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F-35 Lightning II News

F-35C confirms Carrier-Landing strength predictions

June 23, 2010 (by John R. Kent) - A Lockheed Martin F-35C Lightning II carrier variant successfully completed testing in which it was dropped from heights of more than 11 feet during a series of simulated aircraft-carrier landings. The tests validated predictions and will help confirm the F-35C's structural integrity for carrier operations.

CG-1, the ground test article for the Lockheed Martin F-35 carrier variant, is positioned for its final drop test at Vought Aircraft Industries in Dallas on June 9th, 2010. The series of drop tests were designed to mimic landing conditions on a carrier deck and resulted in no load exceedances or structural issues. Completion of the drop testing clears the way for carrier landing testing and shipboard testing at high sink rates. [Vought Aircraft Industries photo]

The jet, a ground-test article known as CG-1, underwent drop testing at Vought Aircraft Industries in Grand Prairie, Texas. No load exceedances or structural issues were found at any of the drop conditions, and all drops were conducted at the maximum carrier landing weight. The drop conditions included sink rates, or rates of descent, up to the maximum design value of 26.4 feet per second, as well as various angles and weight distributions. The tests were used to mimic the wide range of landing conditions expected in the fleet.

"The completion of the drop tests is an important step in clearing the way for field carrier landing testing and shipboard testing at high sink rates –a necessary feature for a carrier-suitable strike fighter," said Larry Lawson, Lockheed Martin executive vice president and F-35 program general manager. "This testing also validates the design tools and analysis used in building a structurally sound, carrier-suitable fighter."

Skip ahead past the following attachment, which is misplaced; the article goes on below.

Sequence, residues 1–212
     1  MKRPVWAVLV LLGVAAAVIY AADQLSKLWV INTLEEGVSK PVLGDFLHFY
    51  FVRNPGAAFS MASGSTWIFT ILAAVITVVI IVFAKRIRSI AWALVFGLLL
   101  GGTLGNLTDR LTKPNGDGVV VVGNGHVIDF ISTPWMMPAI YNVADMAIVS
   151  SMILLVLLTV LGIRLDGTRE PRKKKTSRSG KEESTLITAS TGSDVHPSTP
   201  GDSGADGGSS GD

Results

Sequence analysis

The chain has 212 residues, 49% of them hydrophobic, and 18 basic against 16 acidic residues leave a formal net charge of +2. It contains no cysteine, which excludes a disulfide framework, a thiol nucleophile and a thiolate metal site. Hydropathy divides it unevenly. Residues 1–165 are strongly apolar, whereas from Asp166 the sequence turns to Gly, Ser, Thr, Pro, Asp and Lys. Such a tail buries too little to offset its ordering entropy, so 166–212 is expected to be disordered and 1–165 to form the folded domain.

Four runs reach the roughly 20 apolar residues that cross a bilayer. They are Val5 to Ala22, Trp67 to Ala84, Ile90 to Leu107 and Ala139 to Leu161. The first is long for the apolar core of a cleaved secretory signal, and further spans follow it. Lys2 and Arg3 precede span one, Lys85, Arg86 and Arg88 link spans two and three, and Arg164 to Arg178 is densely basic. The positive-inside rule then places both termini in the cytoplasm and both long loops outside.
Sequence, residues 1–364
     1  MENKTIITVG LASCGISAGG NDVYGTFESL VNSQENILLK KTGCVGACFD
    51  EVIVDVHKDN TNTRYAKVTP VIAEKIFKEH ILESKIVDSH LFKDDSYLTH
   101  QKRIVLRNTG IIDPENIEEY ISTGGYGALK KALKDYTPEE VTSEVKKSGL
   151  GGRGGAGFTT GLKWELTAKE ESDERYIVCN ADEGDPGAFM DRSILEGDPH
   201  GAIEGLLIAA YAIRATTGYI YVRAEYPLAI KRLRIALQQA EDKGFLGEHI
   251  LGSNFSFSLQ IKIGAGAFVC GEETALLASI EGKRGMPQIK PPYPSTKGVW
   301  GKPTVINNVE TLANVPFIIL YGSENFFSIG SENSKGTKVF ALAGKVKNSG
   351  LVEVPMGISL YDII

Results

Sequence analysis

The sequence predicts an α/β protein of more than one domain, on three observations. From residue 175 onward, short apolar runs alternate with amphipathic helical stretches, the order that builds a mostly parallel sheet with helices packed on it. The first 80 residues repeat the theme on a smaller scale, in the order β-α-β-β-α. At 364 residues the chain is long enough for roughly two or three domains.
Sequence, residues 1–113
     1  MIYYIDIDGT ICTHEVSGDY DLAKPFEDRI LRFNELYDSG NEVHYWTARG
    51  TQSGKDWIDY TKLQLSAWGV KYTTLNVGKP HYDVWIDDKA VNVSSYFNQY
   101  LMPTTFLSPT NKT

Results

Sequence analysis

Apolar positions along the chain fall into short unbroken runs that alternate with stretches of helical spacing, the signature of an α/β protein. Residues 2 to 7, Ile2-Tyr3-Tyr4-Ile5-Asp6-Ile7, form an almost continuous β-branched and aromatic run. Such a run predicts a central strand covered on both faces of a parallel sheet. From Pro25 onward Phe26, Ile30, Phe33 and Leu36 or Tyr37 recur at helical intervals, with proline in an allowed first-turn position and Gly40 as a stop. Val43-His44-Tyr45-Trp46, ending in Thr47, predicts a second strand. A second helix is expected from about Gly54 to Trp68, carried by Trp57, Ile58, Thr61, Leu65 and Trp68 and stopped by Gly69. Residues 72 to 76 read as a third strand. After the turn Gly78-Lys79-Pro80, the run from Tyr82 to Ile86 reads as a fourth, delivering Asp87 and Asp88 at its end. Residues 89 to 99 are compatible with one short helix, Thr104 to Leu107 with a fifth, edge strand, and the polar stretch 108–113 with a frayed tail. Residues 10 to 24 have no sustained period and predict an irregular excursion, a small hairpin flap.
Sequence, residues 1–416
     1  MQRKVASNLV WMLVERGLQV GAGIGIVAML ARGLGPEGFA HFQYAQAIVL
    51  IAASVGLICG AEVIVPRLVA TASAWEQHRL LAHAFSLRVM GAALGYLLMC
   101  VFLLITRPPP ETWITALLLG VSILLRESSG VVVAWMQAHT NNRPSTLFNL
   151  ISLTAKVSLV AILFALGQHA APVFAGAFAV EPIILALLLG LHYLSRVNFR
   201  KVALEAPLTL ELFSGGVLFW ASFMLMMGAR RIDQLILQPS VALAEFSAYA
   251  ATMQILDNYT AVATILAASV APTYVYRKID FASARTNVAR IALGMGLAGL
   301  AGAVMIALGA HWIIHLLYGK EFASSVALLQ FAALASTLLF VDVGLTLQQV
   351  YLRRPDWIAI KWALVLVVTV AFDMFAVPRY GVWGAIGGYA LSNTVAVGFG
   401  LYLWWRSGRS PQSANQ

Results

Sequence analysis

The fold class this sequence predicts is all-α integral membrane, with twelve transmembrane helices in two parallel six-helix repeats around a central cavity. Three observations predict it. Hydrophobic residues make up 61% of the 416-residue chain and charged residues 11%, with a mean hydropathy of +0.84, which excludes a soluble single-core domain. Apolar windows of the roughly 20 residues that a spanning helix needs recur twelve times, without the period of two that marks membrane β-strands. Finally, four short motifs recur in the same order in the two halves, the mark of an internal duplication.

This final drop test follows the recent first flight of the first F-35C.

The F-35 program has about 900 suppliers in 45 states, and directly and indirectly employs more than 127,000 people. Thousands more are employed in the F-35 partner countries, which have invested more than $4 billion in the project. Those countries are the United Kingdom, Italy, the Netherlands, Turkey, Canada, Australia, Denmark and Norway.

Three F-35 variants are under development – the F-35A CTOL variant to replace U.S. Air Force F-16s and A-10s, as well as aircraft employed by seven allied nations; the F-35B STOVL variant to replace U.S. Marine Corps AV-8B Harriers and F/A-18s, U.K. Royal Air Force and Royal Navy Harrier GR.7s, GR.9s and Sea Harriers, and Italian Harriers; and the F-35C carrier variant to replace U.S. Navy F/A-18s.

Courtesy of Lockheed Martin